Alzheimer’s-like Brain Features Found in Mouse Model of Severe DMD

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by Marta Figueiredo PhD |

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Cognitive problems seen in some Duchenne muscular dystrophy (DMD) patients may be associated with a shift toward the amyloidogenic pathway in memory-specific brain regions, according to a study in mouse models of the disease.

The amyloidogenic pathway is a signaling cascade that leads to the formation of beta-amyloid, the molecule responsible for the buildup of toxic plaques in the brains of people with Alzheimer’s disease.

Memory deficits were observed in a mouse model of severe DMD, but not in a model of milder disease, further emphasizing the utility of the severe DMD model in studying cognitive impairment and other potential features of this disease.

Further studies are needed to confirm a link between this molecular shift and cognitive deficits, as well as to better understand the mechanisms behind it, the researchers noted.

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The study, “Characterization of Alzheimer’s disease-like neuropathology in Duchenne’s muscular dystrophy using the DBA/2J mdx mouse model,” was published in the journal FEBS Open Bio.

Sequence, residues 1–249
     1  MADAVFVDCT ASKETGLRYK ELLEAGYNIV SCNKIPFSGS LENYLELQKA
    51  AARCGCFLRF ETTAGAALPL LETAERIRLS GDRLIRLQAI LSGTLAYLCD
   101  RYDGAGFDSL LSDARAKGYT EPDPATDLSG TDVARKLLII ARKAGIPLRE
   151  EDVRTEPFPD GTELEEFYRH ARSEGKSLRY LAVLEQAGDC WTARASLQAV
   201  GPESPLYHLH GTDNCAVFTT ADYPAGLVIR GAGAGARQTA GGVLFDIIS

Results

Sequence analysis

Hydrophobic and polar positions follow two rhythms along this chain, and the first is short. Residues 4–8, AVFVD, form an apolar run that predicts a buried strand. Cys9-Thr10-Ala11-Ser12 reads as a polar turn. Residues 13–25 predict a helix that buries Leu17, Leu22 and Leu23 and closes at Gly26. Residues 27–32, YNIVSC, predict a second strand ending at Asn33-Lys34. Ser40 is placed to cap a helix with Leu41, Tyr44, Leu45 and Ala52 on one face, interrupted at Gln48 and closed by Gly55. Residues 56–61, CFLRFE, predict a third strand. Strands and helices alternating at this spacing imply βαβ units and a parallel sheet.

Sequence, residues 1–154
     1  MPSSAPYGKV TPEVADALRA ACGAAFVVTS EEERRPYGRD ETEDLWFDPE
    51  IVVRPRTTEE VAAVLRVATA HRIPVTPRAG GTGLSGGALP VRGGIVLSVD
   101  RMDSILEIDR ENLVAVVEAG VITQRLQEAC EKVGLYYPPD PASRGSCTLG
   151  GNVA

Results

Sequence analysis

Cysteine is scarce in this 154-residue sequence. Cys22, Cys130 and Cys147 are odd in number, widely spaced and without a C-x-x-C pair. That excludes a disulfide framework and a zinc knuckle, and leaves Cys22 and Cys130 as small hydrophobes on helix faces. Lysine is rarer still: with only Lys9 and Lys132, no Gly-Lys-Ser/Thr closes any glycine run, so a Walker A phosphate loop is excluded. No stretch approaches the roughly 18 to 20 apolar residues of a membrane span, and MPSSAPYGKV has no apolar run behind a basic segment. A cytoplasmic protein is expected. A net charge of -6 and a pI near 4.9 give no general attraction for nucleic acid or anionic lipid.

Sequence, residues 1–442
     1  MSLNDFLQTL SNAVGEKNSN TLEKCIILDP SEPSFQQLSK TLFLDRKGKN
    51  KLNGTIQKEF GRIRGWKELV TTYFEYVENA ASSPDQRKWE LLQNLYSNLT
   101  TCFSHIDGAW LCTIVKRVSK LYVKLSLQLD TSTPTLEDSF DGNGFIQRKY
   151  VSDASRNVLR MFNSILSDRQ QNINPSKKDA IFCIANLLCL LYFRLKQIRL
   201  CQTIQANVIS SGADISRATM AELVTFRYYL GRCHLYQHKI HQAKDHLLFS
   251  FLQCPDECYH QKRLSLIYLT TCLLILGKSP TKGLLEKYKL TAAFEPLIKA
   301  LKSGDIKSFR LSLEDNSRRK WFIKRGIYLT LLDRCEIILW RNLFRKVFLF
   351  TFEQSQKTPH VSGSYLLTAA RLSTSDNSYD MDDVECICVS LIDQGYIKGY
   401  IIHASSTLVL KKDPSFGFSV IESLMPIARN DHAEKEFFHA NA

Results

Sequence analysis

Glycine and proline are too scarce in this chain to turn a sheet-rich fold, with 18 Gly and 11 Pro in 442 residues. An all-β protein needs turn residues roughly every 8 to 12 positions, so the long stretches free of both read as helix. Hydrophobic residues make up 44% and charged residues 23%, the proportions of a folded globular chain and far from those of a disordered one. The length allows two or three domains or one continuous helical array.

DMD is caused by the loss of dystrophin, a key protein for muscle strength, due to mutations in the DMD gene. Dystrophin is also present in nerve cells and has been found in memory-related brain regions, suggesting a role in brain function.

In addition to the disease’s hallmark muscle wasting, some DMD patients develop cognitive problems, “with severity being linked to age and type of genetic mutation,” the researchers wrote.

However, the underlying molecular mechanisms of these cognitive deficits remain unclear.

A previous study showed that DMD patients have significantly higher levels of the beta-amyloid protein in the blood compared with healthy people and that higher beta-amyloid levels were significantly associated with lower IQ, or greater cognitive impairment.

The accumulation of toxic clumps of beta-amyloid in the brain is the main hallmark of neurodegeneration in Alzheimer’s disease, a condition characterized by progressive learning and memory problems and the most common cause of dementia.

Amyloid-beta is derived from the amyloid precursor protein (APP) through the amyloidogenic pathway. This pathway is dependent on the BACE1 enzyme, and it first leads to the formation of a soluble APP-beta fragment that is subsequently cleaved further to generate amyloid-beta.

APP can also be broken down through a nonamyloidogenic pathway, which results in the generation of a soluble AAP-alpha fragment that does not form toxic clumps and is thought to have neuroprotective properties.

To gain insight on a potential link between cognitive impairment and amyloid-related molecules in DMD, researchers in Canada examined the brains of two mouse models of the disease.

One model, called C57BL/10 mdx, is the most commonly used mouse model in DMD studies and exhibits a milder disease relative to DMD patients. The other, more recent model, called DBA/2J mdx, shows more severe disease and an earlier onset, “making it a more viable model to study muscular dystrophy,” the researchers wrote.